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A ground-breaking achievement has been made by an international group of scientists. They have managed to construct a synthetic chromosome, a key step in creating the world’s first synthetic yeast genome. The chromosome, labeled ‘XI’, comprises 660,000 base pairs and replaces a natural yeast cell chromosome. This synthetic genome will enhance understanding of how genomes function and deliver cells with unprecedented abilities. The completion of the largest synthetic genome ever is anticipated next year. The team’s work has set the foundations for designing synthetic chromosomes and genomes for complex organisms, potentially revolutionizing the fields of biology and medicine.

  • Scientists construct a synthetic chromosome for yeast, a key step in creating a synthetic genome.
  • The synthetic chromosome enhances the yeast cells’ abilities and offers new possibilities in biotechnology and medicine.
  • Many applications could arise, from producing vaccines to biofuels.

At the heart of this scientific advancement is a collaborative effort spanning 15 years. Dubbed ‘Sc2.0’, the project has drawn on the expertise of teams from across the globe. The UK has played a pivotal role, with the University of Nottingham and Imperial College London leading the charge. Dr Ben Blount of the University of Nottingham heralds the synthetic chromosome as not only a “massive technical achievement” but also a gateway to new capabilities in biology application and study.

More than a mere replacement

Professor Tom Ellis from Imperial College London points to the monumental task of constructing a redesigned chromosome “from telomere to telomere”. The successful integration of this synthetic creation into yeast cells marks a significant stride forward. It’s a tangible foundation upon which future chromosomes, and even entire genomes, can be designed for more complex organisms, including plants and animals. The implications for the future of synthetic biology are profound and wide-reaching.

The scientists have not merely replicated the natural yeast genome but have enhanced it. The inclusion of new features in the synthetic genome bestows upon the yeast cells novel abilities not found in their natural counterparts. The potential applications are as diverse as they are impactful: from producing vaccines to biofuels, the synthetic yeast promises to unlock new avenues in biotechnology.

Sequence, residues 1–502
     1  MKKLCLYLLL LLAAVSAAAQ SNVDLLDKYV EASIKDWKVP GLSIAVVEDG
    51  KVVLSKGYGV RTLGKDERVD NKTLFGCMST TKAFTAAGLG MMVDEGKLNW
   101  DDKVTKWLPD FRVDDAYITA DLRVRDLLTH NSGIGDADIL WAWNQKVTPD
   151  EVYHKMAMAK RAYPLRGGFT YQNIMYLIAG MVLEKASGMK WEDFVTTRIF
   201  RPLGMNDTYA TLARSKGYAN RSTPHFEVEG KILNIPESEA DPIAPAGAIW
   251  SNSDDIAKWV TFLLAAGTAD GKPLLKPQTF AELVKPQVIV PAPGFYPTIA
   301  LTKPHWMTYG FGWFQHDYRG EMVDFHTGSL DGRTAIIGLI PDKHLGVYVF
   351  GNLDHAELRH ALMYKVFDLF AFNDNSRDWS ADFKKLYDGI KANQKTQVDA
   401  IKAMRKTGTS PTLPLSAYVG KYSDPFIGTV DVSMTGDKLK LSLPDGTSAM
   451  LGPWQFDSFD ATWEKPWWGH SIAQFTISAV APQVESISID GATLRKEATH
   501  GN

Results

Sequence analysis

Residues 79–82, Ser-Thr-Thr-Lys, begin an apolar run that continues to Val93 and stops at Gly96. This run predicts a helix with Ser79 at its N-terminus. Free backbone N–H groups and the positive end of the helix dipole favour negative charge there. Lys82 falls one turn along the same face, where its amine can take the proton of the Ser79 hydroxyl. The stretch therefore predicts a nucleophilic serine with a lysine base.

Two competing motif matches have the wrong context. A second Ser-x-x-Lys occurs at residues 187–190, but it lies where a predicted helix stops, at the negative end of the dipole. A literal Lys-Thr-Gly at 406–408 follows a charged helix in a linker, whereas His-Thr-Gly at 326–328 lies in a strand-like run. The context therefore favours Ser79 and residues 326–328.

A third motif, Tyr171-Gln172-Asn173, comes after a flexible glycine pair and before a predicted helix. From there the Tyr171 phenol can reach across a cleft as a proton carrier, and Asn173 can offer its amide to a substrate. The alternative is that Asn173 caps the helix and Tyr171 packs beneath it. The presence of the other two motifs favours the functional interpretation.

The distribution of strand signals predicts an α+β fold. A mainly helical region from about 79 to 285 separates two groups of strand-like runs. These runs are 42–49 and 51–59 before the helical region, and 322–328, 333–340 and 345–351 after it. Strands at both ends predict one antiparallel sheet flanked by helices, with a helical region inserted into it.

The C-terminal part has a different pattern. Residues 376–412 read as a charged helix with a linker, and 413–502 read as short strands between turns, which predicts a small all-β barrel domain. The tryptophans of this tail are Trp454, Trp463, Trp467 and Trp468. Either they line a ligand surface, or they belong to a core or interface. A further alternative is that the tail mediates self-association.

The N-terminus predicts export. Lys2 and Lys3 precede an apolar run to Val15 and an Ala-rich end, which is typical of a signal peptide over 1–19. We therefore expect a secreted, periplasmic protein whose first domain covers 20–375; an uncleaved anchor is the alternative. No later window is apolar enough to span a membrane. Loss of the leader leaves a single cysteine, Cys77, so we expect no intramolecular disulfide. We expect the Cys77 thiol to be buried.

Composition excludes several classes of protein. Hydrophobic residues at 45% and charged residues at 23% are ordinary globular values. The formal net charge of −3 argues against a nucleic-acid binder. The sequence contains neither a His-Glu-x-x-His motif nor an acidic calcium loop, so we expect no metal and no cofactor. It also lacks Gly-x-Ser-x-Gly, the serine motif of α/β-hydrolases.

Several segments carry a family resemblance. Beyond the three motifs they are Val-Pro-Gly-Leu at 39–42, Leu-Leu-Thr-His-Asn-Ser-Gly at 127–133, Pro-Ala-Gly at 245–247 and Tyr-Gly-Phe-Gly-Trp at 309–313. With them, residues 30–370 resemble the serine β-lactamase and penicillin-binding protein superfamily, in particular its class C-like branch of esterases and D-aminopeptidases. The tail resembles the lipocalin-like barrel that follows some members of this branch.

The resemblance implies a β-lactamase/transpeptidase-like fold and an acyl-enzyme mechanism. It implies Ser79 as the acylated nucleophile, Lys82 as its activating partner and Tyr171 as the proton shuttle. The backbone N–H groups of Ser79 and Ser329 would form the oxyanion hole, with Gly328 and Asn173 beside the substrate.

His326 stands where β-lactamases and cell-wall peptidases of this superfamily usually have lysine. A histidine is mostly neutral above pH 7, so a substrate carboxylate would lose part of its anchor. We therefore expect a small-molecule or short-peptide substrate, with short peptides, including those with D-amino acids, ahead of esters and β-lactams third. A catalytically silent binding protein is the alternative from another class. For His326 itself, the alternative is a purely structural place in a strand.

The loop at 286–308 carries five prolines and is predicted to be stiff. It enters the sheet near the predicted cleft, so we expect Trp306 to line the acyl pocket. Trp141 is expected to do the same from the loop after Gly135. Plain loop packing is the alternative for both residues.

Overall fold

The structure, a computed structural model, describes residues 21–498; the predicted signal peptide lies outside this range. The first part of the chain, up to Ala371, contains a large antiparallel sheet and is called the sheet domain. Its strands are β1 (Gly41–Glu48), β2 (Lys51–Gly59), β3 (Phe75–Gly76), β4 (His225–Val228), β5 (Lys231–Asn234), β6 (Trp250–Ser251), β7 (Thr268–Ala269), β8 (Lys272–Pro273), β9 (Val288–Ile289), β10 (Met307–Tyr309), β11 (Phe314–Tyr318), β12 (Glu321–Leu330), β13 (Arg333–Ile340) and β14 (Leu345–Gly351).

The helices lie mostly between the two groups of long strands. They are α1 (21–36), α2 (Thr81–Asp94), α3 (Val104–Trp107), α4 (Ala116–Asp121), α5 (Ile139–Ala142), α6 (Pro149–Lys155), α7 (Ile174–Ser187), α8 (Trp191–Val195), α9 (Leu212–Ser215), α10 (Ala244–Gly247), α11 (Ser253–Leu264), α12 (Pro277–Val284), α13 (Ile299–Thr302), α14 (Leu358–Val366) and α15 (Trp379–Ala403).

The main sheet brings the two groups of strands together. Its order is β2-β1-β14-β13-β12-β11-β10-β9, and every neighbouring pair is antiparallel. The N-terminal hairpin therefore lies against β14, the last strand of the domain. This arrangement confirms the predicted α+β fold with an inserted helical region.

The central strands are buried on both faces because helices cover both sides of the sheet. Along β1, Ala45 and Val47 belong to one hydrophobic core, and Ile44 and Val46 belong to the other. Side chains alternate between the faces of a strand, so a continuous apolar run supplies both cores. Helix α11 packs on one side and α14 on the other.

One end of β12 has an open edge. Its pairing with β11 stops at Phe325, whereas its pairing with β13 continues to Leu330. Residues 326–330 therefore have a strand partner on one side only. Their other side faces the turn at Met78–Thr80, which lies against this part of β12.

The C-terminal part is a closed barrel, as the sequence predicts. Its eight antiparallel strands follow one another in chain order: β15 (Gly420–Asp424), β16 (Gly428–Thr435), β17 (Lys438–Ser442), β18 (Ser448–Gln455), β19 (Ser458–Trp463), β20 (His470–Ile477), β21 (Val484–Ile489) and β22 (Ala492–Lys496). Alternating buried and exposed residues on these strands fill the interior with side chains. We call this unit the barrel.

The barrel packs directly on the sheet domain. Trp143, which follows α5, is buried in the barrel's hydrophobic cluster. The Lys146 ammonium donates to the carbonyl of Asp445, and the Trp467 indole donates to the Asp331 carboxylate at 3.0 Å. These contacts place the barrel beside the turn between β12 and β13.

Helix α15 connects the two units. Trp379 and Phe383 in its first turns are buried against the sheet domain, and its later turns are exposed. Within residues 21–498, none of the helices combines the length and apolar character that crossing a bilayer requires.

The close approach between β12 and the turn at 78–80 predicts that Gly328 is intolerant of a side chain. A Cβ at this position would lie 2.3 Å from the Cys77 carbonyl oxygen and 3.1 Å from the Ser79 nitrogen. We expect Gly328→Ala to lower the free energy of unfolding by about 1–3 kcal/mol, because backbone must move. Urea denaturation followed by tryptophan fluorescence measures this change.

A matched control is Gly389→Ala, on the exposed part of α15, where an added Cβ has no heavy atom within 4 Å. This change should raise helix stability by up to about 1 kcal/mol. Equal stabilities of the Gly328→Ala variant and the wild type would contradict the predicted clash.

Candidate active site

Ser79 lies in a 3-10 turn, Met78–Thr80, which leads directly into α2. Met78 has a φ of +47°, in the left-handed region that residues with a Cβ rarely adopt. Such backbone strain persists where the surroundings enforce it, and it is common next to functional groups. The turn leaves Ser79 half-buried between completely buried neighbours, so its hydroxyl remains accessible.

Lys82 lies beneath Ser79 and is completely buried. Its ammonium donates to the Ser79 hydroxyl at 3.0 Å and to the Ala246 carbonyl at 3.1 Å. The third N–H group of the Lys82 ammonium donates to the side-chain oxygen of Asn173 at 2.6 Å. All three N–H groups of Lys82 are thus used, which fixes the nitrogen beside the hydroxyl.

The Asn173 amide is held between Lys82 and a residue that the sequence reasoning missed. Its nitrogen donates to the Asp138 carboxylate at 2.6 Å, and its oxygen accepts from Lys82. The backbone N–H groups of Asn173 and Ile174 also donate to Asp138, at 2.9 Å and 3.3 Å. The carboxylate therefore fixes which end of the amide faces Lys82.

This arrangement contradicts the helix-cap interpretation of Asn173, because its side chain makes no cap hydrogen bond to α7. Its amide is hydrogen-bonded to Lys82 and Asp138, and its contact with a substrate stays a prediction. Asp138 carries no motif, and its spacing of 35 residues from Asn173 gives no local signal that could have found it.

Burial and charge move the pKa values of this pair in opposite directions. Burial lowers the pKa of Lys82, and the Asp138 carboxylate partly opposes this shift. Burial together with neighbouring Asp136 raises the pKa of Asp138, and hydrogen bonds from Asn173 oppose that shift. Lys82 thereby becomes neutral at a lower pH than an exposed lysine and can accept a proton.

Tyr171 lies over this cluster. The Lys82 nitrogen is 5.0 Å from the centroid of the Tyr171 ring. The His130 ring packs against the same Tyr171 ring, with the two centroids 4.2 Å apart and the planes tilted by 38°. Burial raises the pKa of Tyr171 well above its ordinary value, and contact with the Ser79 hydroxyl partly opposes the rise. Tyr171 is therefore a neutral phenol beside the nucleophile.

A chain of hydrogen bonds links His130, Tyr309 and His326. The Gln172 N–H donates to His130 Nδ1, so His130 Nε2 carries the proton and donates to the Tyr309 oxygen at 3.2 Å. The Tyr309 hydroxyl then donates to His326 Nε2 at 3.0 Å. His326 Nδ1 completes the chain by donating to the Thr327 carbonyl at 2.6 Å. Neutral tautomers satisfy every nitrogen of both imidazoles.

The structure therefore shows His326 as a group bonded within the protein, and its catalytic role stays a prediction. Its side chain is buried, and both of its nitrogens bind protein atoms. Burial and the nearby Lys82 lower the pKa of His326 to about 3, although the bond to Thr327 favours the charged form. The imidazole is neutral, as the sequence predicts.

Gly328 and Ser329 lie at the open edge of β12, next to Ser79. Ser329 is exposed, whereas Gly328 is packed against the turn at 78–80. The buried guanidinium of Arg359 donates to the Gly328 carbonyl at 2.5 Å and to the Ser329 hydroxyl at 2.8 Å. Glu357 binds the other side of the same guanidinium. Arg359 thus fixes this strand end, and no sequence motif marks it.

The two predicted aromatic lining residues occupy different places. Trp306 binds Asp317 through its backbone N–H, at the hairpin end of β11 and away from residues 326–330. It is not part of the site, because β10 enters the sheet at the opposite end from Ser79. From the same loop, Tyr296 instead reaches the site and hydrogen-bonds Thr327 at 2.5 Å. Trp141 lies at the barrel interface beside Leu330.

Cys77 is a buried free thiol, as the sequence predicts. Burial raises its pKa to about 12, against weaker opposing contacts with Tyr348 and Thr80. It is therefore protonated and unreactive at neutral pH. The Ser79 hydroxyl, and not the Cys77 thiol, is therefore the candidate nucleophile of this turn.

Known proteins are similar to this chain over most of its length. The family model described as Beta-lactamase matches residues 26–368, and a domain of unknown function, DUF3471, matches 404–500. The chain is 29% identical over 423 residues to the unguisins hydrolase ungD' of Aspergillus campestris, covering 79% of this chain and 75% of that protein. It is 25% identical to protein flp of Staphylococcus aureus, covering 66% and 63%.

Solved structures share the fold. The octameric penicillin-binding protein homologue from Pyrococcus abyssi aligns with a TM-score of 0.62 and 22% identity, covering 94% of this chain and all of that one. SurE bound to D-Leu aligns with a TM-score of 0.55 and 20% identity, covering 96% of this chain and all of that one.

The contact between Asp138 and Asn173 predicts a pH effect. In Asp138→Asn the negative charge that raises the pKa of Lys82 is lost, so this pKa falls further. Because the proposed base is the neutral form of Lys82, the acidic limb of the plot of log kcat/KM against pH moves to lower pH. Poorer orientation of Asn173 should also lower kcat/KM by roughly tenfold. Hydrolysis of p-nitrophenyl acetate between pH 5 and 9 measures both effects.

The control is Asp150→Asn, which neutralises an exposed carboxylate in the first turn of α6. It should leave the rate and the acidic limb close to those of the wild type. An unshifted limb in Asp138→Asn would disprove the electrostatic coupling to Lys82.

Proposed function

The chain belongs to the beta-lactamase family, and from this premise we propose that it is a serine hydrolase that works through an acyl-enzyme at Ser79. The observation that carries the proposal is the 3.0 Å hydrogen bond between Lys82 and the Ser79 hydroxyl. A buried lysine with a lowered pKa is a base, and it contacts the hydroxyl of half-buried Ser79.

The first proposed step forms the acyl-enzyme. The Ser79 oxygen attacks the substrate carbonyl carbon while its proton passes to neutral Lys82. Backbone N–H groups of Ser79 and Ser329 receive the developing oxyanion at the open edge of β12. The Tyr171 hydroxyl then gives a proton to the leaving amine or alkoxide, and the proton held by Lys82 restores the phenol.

From concept to reality

Delving deeper into the process, researchers have been meticulously combining synthetic chromosomes into a single yeast cell. This merging of seven synthetic chromosomes has resulted in over 50 percent of the yeast cell’s DNA being synthetic. The undertaking has involved creating multiple yeast strains, each endowed with one synthetic chromosome, and then consolidating them into a unified cell.

Professor Jef Boeke, leader of the Sc2.0 consortium, has described the project’s current state as “the end of the beginning”. The next steps involve “shuffling that deck” to produce yeast with capabilities previously unseen. The research team’s vision is to construct a fully synthetic yeast genome, a first for a eukaryote, and propel the field of engineering biology into a new era.

The science behind the synthesis

Biologists have meticulously edited and synthesized 6.5 chromosomes, with an additional one stitched together from the yeast’s genetic code. Beyond the improvements in stability and function, this overhaul of the yeast genome has allowed scientists to pose and answer questions previously out of reach. The re-engineering of entire chromosomes has opened doors to unprecedented levels of biological control and manipulation.

One of the project’s goals is to eliminate instability within the yeast genome. To achieve this, the consortium has scoured the genome of S. cerevisiae, targeting highly repetitive regions for deletion. The relocation of DNA segments that encode transfer RNA into a synthetic ‘neochromosome’ is a strategic move to bolster the yeast’s genomic stability.

The journey continues

The process, while repetitive, is paramount. Creating strains of yeast with a single edited chromosome, breeding them to incorporate another, and continuing this process until reaching 7.5 synthetic chromosomes has been a meticulous journey. According to Jef Boeke, this is just the precursor to the challenge of replacing the remaining natural chromosomes with entirely synthetic ones.